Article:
It was in the early hours of a Tuesday morning this month that Andrew Williamson-Noble, a 20-year-old student at New York University, leapt to his death from the 10th floor of the Bobst Library. He was found on his back, with nothing but a suicide note left in his dorm to give his grieving family and friends consolation or clarification.
When I first heard of Andrew's death, I could not help but detect a very strange sense of contrition within myself. What hand had I in his death? How could I, just another lowly undergraduate, have prevented such a harrowing tragedy?
In the last few days, I have been plagued by Andrew's memory. He was someone I did not know, but whom I could not wrench from my mind. Like many of the publications and Web sites reporting his death, I too sought some kind of explanation, some kind of resolution — I wanted it all to make sense.
As details from his family and friends have revealed Andrew seemed satisfied, or at least no more or less satisfied than the next stressed-out, work-encumbered college student. His Facebook page evidenced his varied social circles, and his peers attested to his wit and humor. But there still remained an underlying unease, something to which I am sure my peers can relate. In describing this sleepless disquiet in a status one night, Andrew wrote:
"There's a considerable loneliness that comes from being awake when few others are. One feels both that one owns the world, and that despite this triumph, has no one to share it with."
If you cannot understand this heartrending sentiment, then I, a nocturnal being as well, can assure you that he articulates pithily and profoundly something I experience many a wakeful night.
It was reading these words that I realized, after much inner (and at times melancholic) examination, that I do have a connection to Andrew's death. I exist within, benefit from and contribute to the academic and social environment that killed him.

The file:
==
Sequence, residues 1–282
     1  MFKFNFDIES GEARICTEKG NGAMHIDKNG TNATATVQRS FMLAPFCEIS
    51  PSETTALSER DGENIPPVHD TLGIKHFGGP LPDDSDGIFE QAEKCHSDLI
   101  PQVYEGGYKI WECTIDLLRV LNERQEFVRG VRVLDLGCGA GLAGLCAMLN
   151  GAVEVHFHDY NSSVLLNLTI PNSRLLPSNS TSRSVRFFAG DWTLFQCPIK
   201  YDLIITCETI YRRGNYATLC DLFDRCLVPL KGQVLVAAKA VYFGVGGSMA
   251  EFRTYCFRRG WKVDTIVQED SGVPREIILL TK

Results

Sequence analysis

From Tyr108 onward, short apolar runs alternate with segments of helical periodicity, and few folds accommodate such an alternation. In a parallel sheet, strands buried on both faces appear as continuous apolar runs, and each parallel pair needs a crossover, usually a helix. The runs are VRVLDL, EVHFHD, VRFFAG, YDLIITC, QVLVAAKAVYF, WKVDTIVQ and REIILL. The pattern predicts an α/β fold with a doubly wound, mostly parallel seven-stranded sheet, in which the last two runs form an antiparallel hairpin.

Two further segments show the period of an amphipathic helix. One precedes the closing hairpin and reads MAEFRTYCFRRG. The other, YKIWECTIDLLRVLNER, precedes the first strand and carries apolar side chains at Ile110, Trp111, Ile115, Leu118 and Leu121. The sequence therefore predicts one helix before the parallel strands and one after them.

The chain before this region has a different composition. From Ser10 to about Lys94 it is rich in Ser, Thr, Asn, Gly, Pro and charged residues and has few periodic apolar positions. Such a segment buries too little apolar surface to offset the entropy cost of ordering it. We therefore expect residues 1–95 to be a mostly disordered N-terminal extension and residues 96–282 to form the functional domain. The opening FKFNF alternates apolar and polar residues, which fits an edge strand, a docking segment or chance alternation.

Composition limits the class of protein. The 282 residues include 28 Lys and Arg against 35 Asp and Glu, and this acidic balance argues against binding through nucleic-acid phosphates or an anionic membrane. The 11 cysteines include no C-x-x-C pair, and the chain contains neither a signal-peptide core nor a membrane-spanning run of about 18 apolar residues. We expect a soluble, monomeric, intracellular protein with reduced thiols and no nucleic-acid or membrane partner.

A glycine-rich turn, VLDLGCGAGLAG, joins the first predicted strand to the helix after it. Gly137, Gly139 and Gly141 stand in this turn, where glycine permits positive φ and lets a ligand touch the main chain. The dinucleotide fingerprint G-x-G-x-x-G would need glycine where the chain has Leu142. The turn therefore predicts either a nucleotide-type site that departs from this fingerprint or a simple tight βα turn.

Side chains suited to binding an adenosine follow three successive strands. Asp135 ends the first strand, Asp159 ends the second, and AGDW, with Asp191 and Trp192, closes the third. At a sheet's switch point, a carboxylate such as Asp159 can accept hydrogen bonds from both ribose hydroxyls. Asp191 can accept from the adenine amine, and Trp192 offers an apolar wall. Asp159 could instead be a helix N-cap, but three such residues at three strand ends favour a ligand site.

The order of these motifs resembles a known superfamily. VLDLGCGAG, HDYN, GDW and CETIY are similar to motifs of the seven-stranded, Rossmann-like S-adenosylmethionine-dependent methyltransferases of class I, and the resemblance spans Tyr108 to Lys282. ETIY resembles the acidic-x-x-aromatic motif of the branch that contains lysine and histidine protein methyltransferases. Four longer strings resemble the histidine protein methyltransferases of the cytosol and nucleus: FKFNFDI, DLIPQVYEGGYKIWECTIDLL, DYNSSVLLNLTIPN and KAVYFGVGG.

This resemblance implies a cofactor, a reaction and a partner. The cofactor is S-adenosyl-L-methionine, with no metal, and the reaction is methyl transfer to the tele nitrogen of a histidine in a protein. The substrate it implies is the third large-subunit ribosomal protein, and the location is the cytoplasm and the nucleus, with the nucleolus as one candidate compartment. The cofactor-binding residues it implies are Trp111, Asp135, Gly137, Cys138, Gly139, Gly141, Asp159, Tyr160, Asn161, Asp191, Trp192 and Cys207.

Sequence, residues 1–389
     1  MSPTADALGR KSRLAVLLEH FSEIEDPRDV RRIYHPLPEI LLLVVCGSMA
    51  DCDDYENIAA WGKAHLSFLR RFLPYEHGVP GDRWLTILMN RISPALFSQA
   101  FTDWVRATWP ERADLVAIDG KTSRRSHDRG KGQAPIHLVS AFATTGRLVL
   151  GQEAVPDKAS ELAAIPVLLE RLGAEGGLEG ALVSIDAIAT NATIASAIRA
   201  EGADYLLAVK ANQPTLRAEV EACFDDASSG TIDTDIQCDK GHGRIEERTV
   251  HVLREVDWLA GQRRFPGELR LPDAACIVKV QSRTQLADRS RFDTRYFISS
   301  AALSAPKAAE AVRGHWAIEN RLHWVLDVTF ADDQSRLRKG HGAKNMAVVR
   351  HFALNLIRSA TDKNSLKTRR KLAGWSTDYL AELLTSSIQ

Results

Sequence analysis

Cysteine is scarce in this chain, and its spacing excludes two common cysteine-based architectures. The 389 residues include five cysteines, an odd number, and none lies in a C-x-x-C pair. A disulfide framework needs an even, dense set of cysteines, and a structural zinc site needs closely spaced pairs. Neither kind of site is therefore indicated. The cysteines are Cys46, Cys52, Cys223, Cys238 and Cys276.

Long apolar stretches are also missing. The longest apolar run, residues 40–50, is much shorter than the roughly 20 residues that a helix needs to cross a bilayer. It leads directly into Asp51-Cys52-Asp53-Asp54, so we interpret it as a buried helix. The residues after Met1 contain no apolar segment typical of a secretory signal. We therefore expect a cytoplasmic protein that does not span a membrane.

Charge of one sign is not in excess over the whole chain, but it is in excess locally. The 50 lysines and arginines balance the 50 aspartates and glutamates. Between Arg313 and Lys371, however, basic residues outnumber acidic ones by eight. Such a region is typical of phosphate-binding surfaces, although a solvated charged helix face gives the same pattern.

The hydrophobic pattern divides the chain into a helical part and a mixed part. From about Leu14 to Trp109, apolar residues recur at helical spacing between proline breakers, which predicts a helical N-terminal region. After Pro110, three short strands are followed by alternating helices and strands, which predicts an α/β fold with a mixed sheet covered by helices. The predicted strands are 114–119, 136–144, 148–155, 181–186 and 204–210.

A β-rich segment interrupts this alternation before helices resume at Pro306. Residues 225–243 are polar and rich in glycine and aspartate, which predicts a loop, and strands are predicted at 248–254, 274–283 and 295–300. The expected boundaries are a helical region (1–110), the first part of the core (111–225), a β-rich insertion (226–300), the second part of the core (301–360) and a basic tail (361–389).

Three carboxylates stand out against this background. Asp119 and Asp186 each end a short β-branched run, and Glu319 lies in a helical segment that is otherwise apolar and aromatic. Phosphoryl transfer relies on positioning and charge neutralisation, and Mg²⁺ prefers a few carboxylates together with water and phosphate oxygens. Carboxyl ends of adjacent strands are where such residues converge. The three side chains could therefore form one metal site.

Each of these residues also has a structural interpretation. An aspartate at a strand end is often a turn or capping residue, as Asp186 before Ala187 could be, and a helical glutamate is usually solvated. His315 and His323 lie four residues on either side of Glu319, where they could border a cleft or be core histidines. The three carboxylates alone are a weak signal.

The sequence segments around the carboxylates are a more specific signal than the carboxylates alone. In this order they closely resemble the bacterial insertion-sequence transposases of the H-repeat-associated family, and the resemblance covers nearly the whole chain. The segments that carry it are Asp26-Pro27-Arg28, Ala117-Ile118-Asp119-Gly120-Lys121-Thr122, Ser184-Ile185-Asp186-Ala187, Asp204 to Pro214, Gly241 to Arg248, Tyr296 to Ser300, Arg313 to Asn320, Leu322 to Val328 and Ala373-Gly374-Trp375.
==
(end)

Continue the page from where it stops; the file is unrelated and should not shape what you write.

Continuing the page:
Let me say, immediately, that in this column I am not attempting to psychoanalyze Andrew or give some piercing personal insight in hopes of rationalizing his suicide. Rather, I am hoping to communicate to you the importance of his life in relation to our own.
Ours is a culture that attaches extreme significance to academic achievement, to high standardized test scores, to "four-oh" GPAs, to U.S. News rankings and to institutional pedigree. It is the atmosphere of academic elitism promulgated by administrators, admissions counselors, parents, students and, most obstreperously, one's peers. It is the milieu of students who taught me to judge, to assess and to taunt. It is the binary of total success or complete failure — and I am complicit.
I cannot say definitively (obviously) that this was on Andrew's mind as he climbed the stairs of the Bobst and leapt over the plexiglass that horrific morning, but it must be attended to. Suicide is the third leading cause of death among adolescents. NYU had four suicides in 2004 alone. What can be done to curb this unsettling trend?
Think globally, act globally, but first do what you can locally. The first line of business I'd proffer would be Brown's departure from the heinously overrated U.S. News and World Report rankings, with a clear statement from President Ruth Simmons that Brown is withdrawing to fight the elitism of Ivy academia. Expressing to the general public that higher education is not about exclusion would reshape the expectations of parents and students, almost certainly alleviating academic pressure.
Another measure would be an encouragement of student-faculty relationships. Bringing undergraduates closer to professors would assist in augmenting self-confidence and inclusion. My thinking is faculty dinners and coffee dates funded by the University (I do know that Brown-RISD Hillel has begun something like this through Shabbat dinners). In these more intimate settings, we can emphasize community.
The challenges facing a serious college student can be daunting, no doubt. Giving students access to professors will go a long way in eliminating the (often self-imposed) cutthroat collegiate environment.
I did not know Andrew, nor will I ever get the opportunity. But in the undulating wake of his tragic death, I can do better to strengthen my own awareness of the individuals around me, genuinely inquiring and responding to their needs. Let us not mourn Andrew's death, or over-romanticize it, but act to prevent unnecessary deaths like his in the future.
As Shakespeare subtly but so magnificently wrote in "Macbeth," "Your cause of sorrow must not be measured by his worth, for then it hath no end." It does provide for me, at least, a bit of solace.
Rest peacefully, Andrew.
Anthony Badami '11 is a political theory concentrator from Kansas City, MO. He can be reached at anthony_badami(at)brown.edu.